What happens when you turn on the shower?

In the typical North American home, cold water comes pouring out. Because this is a shock to the body, most people make it a habit to run the shower for a few minutes before getting in.

Meanwhile, you might do something else as the water warms. In fact, there are probably times you have gotten distracted and forgotten about your shower. Whether it’s for a few minutes or much longer, this is a lot of potable water just running down the drain, and it is costing you money.

Fortunately, there is a growing home improvement trend that eliminates this problem: hot water recirculation using tankless water heater systems.


A typical American home wastes thousands of gallons of perfectly usable water down the drain annually due to lengthy wait times at hot water outlets in the bath and kitchen. This experience is common when showering and bathing, as well as when you turn on faucets.


This happens because when you use warm water, the remaining water in the pipes does not return to the water heater for reheating. Instead, it stays in the pipes and eventually turns cold. This chilly water needs to be pushed out and is what you feel before new hot water from the water heater is delivered when you turn the knob.


This same experience doesn’t typically happen in hotels, where you enjoy hot water near instantaneously. That’s because commercial properties like hotels know that many people want to use hot water at similar times and expect this convenience, so they have a special pump constantly run with a dedicated circulation line of water connected to each room.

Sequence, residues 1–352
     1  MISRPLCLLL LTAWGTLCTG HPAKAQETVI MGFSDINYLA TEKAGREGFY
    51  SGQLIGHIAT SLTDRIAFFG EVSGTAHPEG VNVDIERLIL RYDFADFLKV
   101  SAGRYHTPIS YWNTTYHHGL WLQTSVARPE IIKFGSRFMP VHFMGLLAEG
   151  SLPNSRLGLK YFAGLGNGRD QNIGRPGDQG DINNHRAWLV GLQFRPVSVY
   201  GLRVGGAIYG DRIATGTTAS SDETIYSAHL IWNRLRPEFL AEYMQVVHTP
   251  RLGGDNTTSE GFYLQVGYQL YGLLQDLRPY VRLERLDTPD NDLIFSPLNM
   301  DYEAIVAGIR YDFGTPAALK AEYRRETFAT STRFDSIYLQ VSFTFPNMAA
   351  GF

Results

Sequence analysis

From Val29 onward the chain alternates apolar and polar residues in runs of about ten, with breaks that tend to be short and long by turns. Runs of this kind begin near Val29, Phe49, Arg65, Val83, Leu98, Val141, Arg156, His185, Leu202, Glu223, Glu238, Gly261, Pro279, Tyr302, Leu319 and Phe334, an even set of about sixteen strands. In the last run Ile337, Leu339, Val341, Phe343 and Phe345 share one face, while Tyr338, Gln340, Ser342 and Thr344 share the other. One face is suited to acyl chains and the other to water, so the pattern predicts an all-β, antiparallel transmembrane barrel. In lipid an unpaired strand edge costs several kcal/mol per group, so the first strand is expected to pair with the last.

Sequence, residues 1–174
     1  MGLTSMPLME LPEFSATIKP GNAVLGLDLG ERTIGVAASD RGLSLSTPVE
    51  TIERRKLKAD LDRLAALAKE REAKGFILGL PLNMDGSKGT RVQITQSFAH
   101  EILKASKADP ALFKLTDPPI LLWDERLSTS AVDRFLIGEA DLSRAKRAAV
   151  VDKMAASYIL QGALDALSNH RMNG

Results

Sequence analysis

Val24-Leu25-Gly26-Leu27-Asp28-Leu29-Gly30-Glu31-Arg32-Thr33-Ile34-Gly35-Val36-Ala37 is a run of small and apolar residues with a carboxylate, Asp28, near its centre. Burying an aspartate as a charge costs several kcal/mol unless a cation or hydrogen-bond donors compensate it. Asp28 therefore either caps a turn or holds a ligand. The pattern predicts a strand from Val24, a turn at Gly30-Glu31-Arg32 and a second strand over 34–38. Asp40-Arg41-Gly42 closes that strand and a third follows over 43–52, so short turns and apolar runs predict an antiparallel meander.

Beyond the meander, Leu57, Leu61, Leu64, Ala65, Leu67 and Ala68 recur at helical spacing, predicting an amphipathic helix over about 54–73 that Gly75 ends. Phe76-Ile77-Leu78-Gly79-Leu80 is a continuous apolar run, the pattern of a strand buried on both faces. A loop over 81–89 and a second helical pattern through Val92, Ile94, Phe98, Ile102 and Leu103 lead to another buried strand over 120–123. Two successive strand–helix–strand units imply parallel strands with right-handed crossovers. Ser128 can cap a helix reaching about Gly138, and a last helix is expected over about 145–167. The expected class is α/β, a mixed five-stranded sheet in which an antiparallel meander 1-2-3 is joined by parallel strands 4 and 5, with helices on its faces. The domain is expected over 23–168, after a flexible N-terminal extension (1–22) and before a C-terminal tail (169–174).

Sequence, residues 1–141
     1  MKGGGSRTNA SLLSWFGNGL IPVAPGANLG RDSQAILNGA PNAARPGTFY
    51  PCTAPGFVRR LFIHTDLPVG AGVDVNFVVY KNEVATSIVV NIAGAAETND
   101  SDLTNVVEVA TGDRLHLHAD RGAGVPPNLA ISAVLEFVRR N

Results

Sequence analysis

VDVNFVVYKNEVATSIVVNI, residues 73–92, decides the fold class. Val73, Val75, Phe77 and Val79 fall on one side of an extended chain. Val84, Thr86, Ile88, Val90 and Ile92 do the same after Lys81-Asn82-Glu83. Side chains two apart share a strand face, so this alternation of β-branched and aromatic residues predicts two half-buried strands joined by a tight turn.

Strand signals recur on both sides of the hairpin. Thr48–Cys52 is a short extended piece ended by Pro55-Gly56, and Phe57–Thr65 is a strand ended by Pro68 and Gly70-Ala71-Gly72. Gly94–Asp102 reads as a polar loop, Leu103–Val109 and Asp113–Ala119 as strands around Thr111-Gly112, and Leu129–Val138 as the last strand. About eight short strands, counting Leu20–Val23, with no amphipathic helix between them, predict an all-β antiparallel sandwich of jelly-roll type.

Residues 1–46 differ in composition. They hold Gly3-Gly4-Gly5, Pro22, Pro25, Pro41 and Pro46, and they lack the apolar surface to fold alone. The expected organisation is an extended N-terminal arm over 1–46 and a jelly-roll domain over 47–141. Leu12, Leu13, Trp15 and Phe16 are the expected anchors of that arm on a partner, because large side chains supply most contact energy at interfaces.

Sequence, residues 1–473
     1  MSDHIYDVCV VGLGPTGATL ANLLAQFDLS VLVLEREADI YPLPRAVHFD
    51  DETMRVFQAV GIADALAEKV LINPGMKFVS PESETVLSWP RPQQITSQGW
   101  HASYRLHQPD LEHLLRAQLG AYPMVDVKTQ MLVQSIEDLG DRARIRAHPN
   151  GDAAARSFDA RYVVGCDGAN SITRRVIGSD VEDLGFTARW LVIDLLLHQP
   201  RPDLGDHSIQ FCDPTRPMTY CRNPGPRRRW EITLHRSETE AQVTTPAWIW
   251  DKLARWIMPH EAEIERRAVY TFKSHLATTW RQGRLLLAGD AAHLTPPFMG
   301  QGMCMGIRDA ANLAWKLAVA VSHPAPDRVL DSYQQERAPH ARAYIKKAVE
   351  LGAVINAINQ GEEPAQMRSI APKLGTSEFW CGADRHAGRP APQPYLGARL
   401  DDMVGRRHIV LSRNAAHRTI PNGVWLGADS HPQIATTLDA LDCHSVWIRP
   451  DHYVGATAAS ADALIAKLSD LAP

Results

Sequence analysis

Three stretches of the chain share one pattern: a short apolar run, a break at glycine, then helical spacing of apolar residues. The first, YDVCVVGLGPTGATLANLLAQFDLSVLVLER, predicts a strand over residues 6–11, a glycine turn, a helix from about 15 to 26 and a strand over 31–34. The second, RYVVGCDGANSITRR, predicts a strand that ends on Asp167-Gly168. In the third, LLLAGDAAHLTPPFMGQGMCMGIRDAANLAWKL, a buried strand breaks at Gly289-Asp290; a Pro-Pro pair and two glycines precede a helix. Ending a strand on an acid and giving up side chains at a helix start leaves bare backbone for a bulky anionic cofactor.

That always puts hot water right where it’s needed. Also, in a hotel, the distance between the farthest shower and the hot water source is so great, the wait and the consequent waste and cost would be enormous.

What’s the solution for residential properties? More homeowners desire this convenience and are installing a hot water recirculation system, which allows you to enjoy the convenience of hot water on demand while also reducing your water footprint, helping save money on utility bills.


Today’s homeowner often has a high desire for comfort while being mindful of the environment, which makes it no surprise that hot water recirculation is a growing home improvement trend.

The NRCR Residential Condensing Tankless Water Heater from Noritz uses a built-in pump to keep hot water close to even the farthest outlet in the home, minimizing the wait and, therefore, the waste of unused potable water down the drain. Whether you want to replace your water heating system with a modern tankless option or add a crossover valve that retrofits to your existing system, it offers several options for different plumbing configurations. As a result, hot water is always available in whatever part of the house you need it.


Some homes have a pre-built pipe loop that is ready to add a pump to work in conjunction with your water heater. If your home doesn’t have this dedicated return line, you can install a crossover valve at the farthest fixture of your home.

Alternatively, homeowners may decide to replace their systems with tankless options. With tankless systems, the hot water circulation pump is fully integrated into the tankless water heater. This technology operates only when there is demand to bring hot water to you, which saves even more energy.

These systems are more affordable than ever. Federal tax credits combined with possible rebates from local or state governments can drive the price down significantly.


In addition to providing on-demand hot water and reducing water waste, the NRCR technology learns how and when you use hot water. The new learning mode records habits over time based on your daily use and will turn on the recirculation pump only when you need it, meaning your system is efficient as well as convenient.

You can also set your own schedule to your lifestyle needs if you choose.

If you’re done with the unpleasant stream of cold water every time you want to shower, you might want to consider tankless hot water recirculation systems that also reduce water waste. Learn more at noritz.com/nrcr.


This article is courtesy of Brandpoint.